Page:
Some technologies have had a big impact on people’s everyday lives and retailers need to ensure they keep up the momentum
Some technologies have had a big impact on people’s everyday lives. Sky+ is a good example.
It’s certainly had a noticeable effect on my life - it’s changed the way I watch television forever.
But the biggest impact on me has been the smartphone. My iPhone is never more than an arm’s length away from me and I won’t buy a shirt now unless it has a pocket because that’s where I carry my phone during the day.
I reach for my phone when something on the television, newspaper or a conversation triggers a thought.
If I want to know something, I quickly do a search on the internet. I also use it to check my email or to see what people are saying on Twitter. I use Google Maps to help me when I’m lost - occasionally I even use it to make a phone call.
I read somewhere that the ‘fine art of bullshitting’ has been destroyed by the smartphone because when you hear someone that you think is bullshitting, you reach for your phone and do a search.
Apps have turned this little device into my personal supercomputer that stays with me wherever I go.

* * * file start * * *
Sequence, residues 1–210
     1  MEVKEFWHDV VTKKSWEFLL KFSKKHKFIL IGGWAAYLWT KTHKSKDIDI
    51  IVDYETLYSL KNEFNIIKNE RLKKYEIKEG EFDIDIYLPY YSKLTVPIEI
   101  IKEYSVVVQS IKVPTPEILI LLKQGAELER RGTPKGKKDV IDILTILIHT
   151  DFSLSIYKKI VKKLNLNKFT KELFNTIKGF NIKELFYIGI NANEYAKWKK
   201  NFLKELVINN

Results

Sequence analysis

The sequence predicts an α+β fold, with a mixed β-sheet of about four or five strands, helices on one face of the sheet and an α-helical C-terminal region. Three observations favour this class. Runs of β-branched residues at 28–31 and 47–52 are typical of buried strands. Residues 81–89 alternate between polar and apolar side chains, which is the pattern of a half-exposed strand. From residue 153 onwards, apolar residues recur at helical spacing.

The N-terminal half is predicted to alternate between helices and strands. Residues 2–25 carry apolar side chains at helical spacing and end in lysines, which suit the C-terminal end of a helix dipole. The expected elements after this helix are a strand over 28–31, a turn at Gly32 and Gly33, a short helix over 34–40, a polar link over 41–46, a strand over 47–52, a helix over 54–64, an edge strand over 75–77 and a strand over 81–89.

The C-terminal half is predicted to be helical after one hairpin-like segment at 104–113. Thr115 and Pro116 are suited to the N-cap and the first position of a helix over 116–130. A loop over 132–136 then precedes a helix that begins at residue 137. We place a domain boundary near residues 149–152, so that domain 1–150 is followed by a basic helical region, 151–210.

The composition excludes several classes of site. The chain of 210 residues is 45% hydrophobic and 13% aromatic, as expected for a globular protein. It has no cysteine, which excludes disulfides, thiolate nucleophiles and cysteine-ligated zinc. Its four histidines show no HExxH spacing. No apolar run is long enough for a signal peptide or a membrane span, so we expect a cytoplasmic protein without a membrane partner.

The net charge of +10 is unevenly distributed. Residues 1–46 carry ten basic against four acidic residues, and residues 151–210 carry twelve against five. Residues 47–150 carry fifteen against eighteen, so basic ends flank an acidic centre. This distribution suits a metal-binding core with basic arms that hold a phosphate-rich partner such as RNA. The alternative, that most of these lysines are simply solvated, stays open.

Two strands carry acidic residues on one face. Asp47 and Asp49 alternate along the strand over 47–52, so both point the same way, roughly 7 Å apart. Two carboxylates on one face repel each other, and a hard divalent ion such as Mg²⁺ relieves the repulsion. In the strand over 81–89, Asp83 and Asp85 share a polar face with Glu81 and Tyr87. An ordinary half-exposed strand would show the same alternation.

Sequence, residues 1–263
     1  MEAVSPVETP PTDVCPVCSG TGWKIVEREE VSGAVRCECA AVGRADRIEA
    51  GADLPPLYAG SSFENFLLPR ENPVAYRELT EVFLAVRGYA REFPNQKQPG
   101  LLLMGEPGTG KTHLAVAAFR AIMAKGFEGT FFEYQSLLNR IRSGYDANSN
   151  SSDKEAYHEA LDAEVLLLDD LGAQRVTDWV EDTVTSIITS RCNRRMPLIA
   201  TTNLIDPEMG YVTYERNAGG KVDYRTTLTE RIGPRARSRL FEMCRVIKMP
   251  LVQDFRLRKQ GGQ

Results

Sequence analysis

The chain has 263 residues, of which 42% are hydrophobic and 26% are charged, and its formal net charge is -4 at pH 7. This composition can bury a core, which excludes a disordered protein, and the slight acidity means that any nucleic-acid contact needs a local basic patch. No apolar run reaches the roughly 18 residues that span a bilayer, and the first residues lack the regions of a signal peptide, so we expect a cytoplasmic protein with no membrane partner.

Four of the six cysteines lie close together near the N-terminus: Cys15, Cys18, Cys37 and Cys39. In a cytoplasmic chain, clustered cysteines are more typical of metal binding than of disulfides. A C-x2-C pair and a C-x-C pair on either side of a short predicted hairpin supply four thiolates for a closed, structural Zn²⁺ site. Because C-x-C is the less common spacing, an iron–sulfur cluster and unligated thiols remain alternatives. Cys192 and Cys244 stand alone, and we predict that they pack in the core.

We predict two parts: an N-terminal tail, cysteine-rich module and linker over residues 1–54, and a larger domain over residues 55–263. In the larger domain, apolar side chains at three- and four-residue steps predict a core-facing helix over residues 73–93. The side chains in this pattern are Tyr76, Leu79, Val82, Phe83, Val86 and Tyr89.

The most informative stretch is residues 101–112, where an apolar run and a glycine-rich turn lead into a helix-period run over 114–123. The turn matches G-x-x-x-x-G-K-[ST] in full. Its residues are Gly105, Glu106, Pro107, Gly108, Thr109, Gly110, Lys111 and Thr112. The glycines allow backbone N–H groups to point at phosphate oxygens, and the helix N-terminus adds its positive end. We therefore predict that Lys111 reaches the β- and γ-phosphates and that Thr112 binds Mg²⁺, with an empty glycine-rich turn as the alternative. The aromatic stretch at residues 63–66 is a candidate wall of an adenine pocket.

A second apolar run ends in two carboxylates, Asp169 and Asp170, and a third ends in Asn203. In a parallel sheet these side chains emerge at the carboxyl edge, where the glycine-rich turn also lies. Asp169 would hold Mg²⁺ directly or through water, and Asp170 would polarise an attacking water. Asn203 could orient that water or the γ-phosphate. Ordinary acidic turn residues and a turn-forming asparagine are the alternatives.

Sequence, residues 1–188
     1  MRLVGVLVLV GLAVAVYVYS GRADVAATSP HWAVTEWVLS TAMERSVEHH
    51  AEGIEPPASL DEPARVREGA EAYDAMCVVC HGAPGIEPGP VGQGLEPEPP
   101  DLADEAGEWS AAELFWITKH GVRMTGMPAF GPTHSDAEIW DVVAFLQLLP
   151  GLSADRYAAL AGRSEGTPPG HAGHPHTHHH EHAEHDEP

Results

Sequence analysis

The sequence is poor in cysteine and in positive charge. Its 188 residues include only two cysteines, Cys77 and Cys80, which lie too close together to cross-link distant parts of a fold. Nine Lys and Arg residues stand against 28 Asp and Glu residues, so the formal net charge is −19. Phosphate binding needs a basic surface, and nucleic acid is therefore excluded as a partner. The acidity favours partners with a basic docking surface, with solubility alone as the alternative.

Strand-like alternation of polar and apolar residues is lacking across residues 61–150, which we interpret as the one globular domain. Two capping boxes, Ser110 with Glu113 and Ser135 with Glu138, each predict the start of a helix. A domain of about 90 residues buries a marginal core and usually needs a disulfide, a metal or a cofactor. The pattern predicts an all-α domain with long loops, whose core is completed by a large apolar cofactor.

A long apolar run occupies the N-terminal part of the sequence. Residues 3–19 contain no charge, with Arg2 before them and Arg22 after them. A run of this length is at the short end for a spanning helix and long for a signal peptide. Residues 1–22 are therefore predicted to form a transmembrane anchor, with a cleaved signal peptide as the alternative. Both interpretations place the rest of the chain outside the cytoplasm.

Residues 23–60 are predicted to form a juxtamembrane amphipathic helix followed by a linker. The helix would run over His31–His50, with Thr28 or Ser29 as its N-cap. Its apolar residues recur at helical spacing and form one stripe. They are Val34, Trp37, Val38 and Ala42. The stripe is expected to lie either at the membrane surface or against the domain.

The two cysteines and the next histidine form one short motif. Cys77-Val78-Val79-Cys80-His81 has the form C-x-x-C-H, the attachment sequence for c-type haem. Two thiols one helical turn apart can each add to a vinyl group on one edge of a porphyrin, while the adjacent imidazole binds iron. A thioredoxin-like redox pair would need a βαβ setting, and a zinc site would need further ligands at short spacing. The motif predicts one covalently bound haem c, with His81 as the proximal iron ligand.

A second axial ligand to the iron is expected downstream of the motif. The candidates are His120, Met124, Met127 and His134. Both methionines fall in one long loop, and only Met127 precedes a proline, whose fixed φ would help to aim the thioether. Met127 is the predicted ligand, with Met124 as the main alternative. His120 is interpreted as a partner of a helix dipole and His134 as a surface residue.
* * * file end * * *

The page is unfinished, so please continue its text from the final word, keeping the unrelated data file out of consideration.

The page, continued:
Yesterday I used an app to measure my breathing pattern to tell me if I was stressed. If I hear a song that takes me back to my youth but I can’t remember the name, an app will listen and instantly tell me what the song is called and for less than a pound and one click, I can buy the tune.
When I’m in a shop, I can check if I’m paying too much for something before I buy it by simply scanning the bar code. My Trainline App will tell me if the trains are running on time. I recently bought a word processor. Its main feature is that it has very few features - pure genius.
Apps are only limited by the imagination of the clever people coming up with great ideas.
Let’s hope that clever people keep up coming up with great ideas because if they do we’ve got a great future to look forward to.
And let’s hope that some of those clever people are retailers.
- Ajaz Ahmed played a central role in the creation of Freeserve and is founder of Legal365.com